Unless you are a brand new advertiser with very little data to start with, broad match will not bring you the kind of highly targeted traffic that you want. Instead, you should be testing one of Google’s more advanced matching options: exact match, broad match modifiers, or phrase match. Here’s an example of each:
Using any one of these options will result in more refined targeted traffic. The key is to test different strategies for your specific brand, products and market.
8. Expand Your Ad URLs Beyond Homepage
Another Google Ads tip that separates newbies from experts is Google Ads URLs. A huge mistake that online stores with tighter budgets make is to run ads that send traffic only to your online store home page. That’s not to say you shouldn’t run any branding Google ads to your homepage, where relevant.
The problem is when you’re sending people to your homepage, but your keywords and ads are targeting people for a specific product. This means relevance and shopping experience aren’t aligned. This can result in lower conversion rates and more untargeted traffic – especially if you’re using broad keywords. In a nutshell, this will affect your campaign performance negatively.
So, what to do instead? Use highly relevant product pages or category links that match in relevance to your ads and keywords!
9. Build a Strong Account Structure
Having an organized Google Ads account structure is vital in ensuring you can measure and optimize your campaigns effectively. It also limits keyword crossover, another important eCommerce Google Ads tip for success that prevents quality score deterioration, and, ultimately, the higher advertising costs that will result.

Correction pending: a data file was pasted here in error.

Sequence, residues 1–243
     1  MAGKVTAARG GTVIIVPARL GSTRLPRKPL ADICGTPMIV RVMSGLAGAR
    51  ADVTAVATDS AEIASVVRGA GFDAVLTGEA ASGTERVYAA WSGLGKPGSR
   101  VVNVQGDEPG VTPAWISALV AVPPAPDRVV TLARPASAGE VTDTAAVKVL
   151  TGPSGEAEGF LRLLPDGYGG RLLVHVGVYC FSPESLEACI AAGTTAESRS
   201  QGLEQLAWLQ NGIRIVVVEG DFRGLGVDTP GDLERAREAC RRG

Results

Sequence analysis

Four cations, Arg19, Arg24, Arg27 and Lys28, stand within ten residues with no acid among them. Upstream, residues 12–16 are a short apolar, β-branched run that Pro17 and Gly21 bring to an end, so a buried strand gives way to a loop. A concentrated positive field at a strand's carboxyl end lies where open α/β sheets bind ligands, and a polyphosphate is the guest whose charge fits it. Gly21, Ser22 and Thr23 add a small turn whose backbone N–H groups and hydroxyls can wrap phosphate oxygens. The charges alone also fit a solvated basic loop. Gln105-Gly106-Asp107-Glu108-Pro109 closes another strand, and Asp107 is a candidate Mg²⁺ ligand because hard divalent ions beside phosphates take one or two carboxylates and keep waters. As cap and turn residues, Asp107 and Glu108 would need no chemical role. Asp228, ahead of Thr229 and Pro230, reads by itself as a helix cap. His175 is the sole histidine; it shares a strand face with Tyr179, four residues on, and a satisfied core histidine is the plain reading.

Before we get into the how, let’s break down the why. Here are the top three benefits of having a well-structured Google Ads account:
- The more organized your account is, the more likely you will be able to track performance and optimize accordingly.
- A well-structured account ensures that the searchers triggering your Google ads are relevant to the searchers and the potential shoppers searching – AKA, audiences.
- Both of the above will ensure your quality scores are better, which in turn improves results while keeping you on budget.
Now let’s get into the how! Below is a basic breakdown of a Google Ads account structure, as you know, you set budgets at campaign level and keywords at group level.
There are a number of ways you can structure your account, depending on your specific eCommerce brand and needs. You can either structure your account based on the structure of your website, the products you sell or the locations you are shipping to. Ultimately you want to ensure you have set it up so that you can group your keywords effectively – but more on that in the next Google Ads tip. You will also want to ensure you can optimize and tweak budgets more easily.
Here’s an example structure we put together for one of our merchants:
10. Segment Your Keywords
Once your account is organized, it will be easier to implement the next important tip, segmenting your keywords. A rookie mistake many online sellers make, which they tend to expand on, is putting too many keywords into their campaigns. The fewer keywords you have, the higher your chances of those Google Ads campaigns being profitable for you.
The general rule, unless you’re a mega brand with thousands of products, is to limit your keywords to ten or less. This will help you keep a close eye on your keywords to assess CPCs, while also ensuring the ads being triggered are highly relevant, thus improving your chances of conversions.
11. Get Honest with Your Budgets
Next on our list of must-use Google Ads tips for eCommerce brands concerns budget. Here’s the thing, you need to be very honest with yourself regarding budgets. You also need to be prepared for constant changes in CPCs.
We suggest that you plan for up to 30% fluctuations in your budgets.